As you may imagine, these are not the only differences, but they give you a good starting point to start understanding the main two branches of Feng Shui Schools.
“So which one is yours,” you ask?
You are probably wondering where the Nine Steps to Feng Shui® System, which I developed, fits in.
My system is a derivation of Form School. The Nine Steps to Feng Shui® System is firmly rooted in the ancient principles of Feng Shui, as one of the branches of Traditional Chinese Medicine.
Some of the ancient Feng Shui advise, though valid at the time, is not relevant to us any more. For example, the advice used to be to place the kitchen in the South East. The reasoning for that was that at the time kitchens were built out of doors, and, in China, the South East was where the soft breezes — that helped people light a fire and keep it going — came from. This is obviously not a necessity for our modern homes.
Some ancient Chinese dynasties tried to ban Feng Shui from anyone that was not “royalty,” and failing to do so, then ordered the production of books full of mistakes. Most of these books followed Compass Schools. For this reason you will find the greatest contradictions in Compass Schools of Feng Shui.
How I Developed My Nine Steps to Feng Shui® System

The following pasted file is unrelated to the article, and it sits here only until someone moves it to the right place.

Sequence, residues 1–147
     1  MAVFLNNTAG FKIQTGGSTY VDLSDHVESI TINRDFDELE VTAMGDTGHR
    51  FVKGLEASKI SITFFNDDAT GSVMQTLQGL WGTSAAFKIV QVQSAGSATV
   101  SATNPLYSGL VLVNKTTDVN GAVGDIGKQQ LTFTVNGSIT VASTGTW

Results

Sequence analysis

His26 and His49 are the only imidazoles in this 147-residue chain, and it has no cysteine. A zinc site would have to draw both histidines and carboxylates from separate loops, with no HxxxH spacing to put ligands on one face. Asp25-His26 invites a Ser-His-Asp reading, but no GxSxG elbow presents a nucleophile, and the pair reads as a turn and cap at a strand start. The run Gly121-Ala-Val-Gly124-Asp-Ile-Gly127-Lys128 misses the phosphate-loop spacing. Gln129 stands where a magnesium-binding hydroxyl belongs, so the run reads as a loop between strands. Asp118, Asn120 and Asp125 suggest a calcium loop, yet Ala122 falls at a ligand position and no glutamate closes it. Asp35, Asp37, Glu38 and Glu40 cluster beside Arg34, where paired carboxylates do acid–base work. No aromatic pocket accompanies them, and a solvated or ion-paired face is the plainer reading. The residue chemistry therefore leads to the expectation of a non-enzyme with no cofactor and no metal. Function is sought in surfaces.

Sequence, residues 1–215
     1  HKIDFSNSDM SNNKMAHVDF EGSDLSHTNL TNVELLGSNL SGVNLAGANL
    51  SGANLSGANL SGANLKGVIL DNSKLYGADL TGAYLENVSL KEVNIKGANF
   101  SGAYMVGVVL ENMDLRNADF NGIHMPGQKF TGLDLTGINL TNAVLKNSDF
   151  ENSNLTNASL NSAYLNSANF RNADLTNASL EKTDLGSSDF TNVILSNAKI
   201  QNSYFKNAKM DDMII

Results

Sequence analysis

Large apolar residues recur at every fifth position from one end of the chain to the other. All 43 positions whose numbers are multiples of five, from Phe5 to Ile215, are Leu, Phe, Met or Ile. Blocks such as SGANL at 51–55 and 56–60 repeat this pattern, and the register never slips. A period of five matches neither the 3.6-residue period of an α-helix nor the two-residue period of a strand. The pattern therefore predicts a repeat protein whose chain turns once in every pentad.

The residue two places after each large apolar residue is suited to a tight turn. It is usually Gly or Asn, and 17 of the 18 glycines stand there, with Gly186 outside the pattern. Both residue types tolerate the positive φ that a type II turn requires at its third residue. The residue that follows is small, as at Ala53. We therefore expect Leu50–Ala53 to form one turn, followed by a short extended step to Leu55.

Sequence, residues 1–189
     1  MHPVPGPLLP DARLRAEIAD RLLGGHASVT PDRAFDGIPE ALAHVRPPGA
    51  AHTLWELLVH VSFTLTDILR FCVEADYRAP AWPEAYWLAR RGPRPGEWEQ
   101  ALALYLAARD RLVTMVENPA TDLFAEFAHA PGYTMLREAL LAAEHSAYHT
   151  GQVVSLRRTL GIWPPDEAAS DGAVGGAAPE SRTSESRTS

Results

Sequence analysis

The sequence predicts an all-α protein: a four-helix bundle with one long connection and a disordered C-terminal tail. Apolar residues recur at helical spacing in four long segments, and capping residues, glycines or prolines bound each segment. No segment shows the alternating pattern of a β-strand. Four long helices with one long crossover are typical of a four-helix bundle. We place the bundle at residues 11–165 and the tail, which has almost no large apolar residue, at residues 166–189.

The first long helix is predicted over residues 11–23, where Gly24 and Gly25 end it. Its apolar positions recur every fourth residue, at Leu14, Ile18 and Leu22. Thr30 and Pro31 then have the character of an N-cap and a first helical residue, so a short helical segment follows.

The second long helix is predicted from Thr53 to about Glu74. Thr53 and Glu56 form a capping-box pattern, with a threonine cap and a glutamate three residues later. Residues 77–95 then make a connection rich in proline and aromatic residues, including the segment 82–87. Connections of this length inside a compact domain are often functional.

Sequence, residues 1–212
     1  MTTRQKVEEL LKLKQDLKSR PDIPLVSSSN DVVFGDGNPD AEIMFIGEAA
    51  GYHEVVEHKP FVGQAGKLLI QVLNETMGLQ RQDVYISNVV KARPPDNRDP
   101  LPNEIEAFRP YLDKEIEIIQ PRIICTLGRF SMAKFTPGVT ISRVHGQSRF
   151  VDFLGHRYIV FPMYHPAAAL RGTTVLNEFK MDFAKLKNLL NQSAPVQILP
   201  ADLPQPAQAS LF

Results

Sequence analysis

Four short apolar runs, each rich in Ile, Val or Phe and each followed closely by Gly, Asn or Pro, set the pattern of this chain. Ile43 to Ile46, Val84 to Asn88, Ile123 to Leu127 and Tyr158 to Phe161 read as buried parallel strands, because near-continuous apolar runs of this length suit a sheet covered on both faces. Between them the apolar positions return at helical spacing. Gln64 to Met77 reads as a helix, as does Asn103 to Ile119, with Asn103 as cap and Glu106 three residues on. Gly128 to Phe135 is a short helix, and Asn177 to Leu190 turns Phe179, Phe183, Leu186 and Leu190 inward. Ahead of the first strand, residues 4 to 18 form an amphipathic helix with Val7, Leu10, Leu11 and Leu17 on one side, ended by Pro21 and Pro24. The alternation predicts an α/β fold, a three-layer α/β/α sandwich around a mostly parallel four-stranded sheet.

To make sure the knowledge I was providing was valid and helpful, I have contrasted Feng Shui information with information gathered from other branches of Chinese medicine. During my first years as a consultant and teacher, I tested much of the advice and cures with enthusiastic groups of Feng Shui fans in the USA, Australia, Ecuador and Uruguay.
To this amazing ancient knowledge I have added what I learned in the school of architecture when I was getting my 6 year degree. I was blessed with excellent teachers and exposed to many wonderful resources that have complemented my studies of Feng Shui.
In my practice, I do not use any astrology or numerology. I am not against astrology or numerology. I simply do not believe that they should be part of Feng Shui. I like to focus on the space and how people interact with the space.
Do you have what it takes? (Homework)
Watch the video on this page to learn more and get a clearer idea of the differences between my Nine Steps to Feng Shui® school and Compass Schools of Feng Shui: http://www.ninestepstofengshui.com/how-the-nine-steps-to-feng-shui-is-different